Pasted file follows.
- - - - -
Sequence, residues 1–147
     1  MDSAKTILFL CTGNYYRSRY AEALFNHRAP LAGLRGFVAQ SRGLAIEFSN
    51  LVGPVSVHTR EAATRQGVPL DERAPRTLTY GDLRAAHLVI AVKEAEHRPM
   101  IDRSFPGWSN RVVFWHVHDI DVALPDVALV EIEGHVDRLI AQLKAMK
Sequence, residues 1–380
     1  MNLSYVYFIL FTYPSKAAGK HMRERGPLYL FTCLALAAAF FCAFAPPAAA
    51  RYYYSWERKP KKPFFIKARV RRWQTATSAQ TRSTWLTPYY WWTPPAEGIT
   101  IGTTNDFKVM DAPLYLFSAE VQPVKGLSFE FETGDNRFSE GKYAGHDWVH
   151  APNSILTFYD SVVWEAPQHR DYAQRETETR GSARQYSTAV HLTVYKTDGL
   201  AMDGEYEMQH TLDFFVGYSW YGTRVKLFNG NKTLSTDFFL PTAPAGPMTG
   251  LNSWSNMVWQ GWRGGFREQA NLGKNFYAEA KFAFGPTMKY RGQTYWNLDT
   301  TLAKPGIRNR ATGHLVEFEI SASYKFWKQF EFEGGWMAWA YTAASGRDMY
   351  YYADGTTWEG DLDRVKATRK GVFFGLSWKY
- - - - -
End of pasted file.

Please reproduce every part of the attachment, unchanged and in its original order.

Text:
Sequence, residues 1–147
     1  MDSAKTILFL CTGNYYRSRY AEALFNHRAP LAGLRGFVAQ SRGLAIEFSN
    51  LVGPVSVHTR EAATRQGVPL DERAPRTLTY GDLRAAHLVI AVKEAEHRPM
   101  IDRSFPGWSN RVVFWHVHDI DVALPDVALV EIEGHVDRLI AQLKAMK
Sequence, residues 1–380
     1  MNLSYVYFIL FTYPSKAAGK HMRERGPLYL FTCLALAAAF FCAFAPPAAA
    51  RYYYSWERKP KKPFFIKARV RRWQTATSAQ TRSTWLTPYY WWTPPAEGIT
   101  IGTTNDFKVM DAPLYLFSAE VQPVKGLSFE FETGDNRFSE GKYAGHDWVH
   151  APNSILTFYD SVVWEAPQHR DYAQRETETR GSARQYSTAV HLTVYKTDGL
   201  AMDGEYEMQH TLDFFVGYSW YGTRVKLFNG NKTLSTDFFL PTAPAGPMTG
   251  LNSWSNMVWQ GWRGGFREQA NLGKNFYAEA KFAFGPTMKY RGQTYWNLDT
   301  TLAKPGIRNR ATGHLVEFEI SASYKFWKQF EFEGGWMAWA YTAASGRDMY
   351  YYADGTTWEG DLDRVKATRK GVFFGLSWKY